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Drill-down on Caterpillar’s 4Q/08 earnings report

Highlights cut ‘n’ pasted from today’s Caterpillar earnings release:

2008 sales:

  • Machinery and engines: $48 billion in 2008, up 14 percent from 2007.
  • Financial products: $3.28 billion in 2008, up 9 percent from 2007.
  • Machines sales: $31.804 billion, up 12 percent from 2007
  • Engines sales: $16.240 billion, up 19 percent from 2007

Q1 2009 outlook:

  • While we expect the full year of 2009 to be very challenging, profit in the first half, and particularly the first quarter, will be under severe pressure. In fact, a first-quarter loss is possible.

Employment:

  • Voluntary and involuntary separations and layoffs of about 4,000 full-time production employees. Depending on business conditions, more layoffs may be required as the year unfolds.
  • Sharp declines in overtime work.
  • Several facilities have shortened workweeks, and thousands of employees have been, or will be, affected by temporary layoffs and full and partial plant shutdowns.
  • Elimination of almost 8,000 temporary, contract and agency workers.
  • Voluntary separations of about 2,500 support and management employees.
  • Additional layoffs or separations of as many as 5,000 support and management employees.
  • Hiring freezes and suspension of salary increases for most support and management employees.

Q&A highlights

  • Q2: What’s your forecast for key commodity prices in 2009?
  • A: We project West Texas Intermediate crude oil will average a little more than $40 per barrel, down from $100 in 2008. Copper prices should average about $1.10 per pound, compared to $3.15 in 2008. Both price forecasts are below prices that we believe would be attractive to launch new projects.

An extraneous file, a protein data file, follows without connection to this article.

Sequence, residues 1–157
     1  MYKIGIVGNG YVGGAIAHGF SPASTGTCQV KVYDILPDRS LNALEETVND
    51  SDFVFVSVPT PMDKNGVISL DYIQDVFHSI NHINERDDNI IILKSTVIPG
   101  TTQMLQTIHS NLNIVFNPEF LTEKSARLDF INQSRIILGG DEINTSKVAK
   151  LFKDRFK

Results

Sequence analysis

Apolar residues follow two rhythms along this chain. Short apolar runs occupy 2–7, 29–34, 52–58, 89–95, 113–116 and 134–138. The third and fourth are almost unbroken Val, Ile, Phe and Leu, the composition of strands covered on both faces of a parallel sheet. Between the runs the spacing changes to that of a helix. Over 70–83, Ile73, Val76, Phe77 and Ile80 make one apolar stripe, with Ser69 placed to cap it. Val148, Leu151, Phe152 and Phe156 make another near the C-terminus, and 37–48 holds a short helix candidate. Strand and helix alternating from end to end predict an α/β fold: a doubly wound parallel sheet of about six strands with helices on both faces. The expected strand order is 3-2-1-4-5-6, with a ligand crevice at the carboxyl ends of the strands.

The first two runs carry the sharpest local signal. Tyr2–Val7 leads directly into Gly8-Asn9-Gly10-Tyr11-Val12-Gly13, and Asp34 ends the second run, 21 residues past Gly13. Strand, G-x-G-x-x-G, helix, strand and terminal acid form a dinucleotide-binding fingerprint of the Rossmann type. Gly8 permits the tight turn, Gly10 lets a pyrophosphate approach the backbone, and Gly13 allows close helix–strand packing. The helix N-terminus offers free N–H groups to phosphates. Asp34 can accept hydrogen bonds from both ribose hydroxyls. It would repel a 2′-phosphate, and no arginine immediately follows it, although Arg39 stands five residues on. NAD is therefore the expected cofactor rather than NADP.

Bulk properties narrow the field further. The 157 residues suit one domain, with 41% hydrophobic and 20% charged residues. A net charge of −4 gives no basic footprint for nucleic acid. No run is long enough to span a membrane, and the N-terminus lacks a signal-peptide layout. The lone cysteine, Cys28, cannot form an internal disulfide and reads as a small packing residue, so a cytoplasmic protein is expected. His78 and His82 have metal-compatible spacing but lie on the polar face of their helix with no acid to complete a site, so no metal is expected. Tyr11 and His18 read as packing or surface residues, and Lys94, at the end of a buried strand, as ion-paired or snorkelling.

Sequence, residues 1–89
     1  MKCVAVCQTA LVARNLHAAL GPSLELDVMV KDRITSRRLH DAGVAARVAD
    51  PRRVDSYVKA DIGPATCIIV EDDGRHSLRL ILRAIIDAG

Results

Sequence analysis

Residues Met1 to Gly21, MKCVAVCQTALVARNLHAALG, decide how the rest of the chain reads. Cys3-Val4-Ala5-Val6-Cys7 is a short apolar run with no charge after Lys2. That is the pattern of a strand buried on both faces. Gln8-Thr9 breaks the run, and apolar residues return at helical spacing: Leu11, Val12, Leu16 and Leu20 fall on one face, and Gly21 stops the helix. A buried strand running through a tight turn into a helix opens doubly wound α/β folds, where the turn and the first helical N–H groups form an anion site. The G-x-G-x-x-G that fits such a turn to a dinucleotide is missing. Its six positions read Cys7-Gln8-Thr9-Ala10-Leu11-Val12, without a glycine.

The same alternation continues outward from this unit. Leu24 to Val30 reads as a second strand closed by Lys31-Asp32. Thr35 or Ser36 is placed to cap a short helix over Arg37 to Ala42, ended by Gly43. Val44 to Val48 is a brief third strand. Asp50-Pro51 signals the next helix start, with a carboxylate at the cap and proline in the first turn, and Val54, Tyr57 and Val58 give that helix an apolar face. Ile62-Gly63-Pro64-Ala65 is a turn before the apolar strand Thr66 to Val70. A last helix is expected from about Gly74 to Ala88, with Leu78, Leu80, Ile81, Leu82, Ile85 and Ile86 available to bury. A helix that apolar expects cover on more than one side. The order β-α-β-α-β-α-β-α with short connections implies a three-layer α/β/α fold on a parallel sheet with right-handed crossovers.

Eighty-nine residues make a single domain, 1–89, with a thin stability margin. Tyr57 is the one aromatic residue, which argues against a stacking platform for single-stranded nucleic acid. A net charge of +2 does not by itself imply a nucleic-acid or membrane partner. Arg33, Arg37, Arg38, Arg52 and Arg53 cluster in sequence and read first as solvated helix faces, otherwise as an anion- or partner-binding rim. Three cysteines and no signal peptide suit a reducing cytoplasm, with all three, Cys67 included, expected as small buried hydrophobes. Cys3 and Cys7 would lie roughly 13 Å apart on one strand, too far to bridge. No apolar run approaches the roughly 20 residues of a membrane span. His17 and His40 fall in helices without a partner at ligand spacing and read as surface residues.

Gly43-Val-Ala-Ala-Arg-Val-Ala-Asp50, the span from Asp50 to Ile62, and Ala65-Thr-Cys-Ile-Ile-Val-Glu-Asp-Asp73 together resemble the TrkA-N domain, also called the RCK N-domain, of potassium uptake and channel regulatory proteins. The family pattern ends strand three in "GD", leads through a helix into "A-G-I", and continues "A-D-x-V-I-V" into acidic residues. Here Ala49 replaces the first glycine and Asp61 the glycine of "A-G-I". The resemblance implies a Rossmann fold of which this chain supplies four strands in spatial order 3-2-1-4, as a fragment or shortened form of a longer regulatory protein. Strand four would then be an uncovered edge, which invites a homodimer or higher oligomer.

• Q4: How do you expect the U.S. stimulus package to impact Caterpillar?
  • A: Our initial assessment is that the package might have up to $150 billion in infrastructure-related spending, spread over a two-year period. If enacted quickly, perhaps $50 billion could be spent in 2009. That expenditure would represent about 5 percent of total U.S. construction spending in 2008 and would likely require some increase in equipment purchases to handle the added work in addition to increased utilization of the existing machine population. Other measures in the package, such as tax cuts and actions to improve the housing industry, could indirectly benefit construction.
  • Q13: Outside of Cat Financial, what has been Caterpillar’s recent experience with debt markets? Do you have access to capital?
  • A: The problems in the credit markets have had limited impact on Caterpillar Inc. due to our strong credit rating. We have been able to maintain normal operations and fund our needs. Caterpillar Inc. successfully issued $1.5 billion of long-term debt in early December. The offering generated strong investor demand. There also is strong demand for our commercial paper and we have benefited from very low interest rates on commercial paper.


Disclosure: I do not own shares of Caterpillar.

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Tom Mangan posted at 6:16 am January 26th, 2009 |

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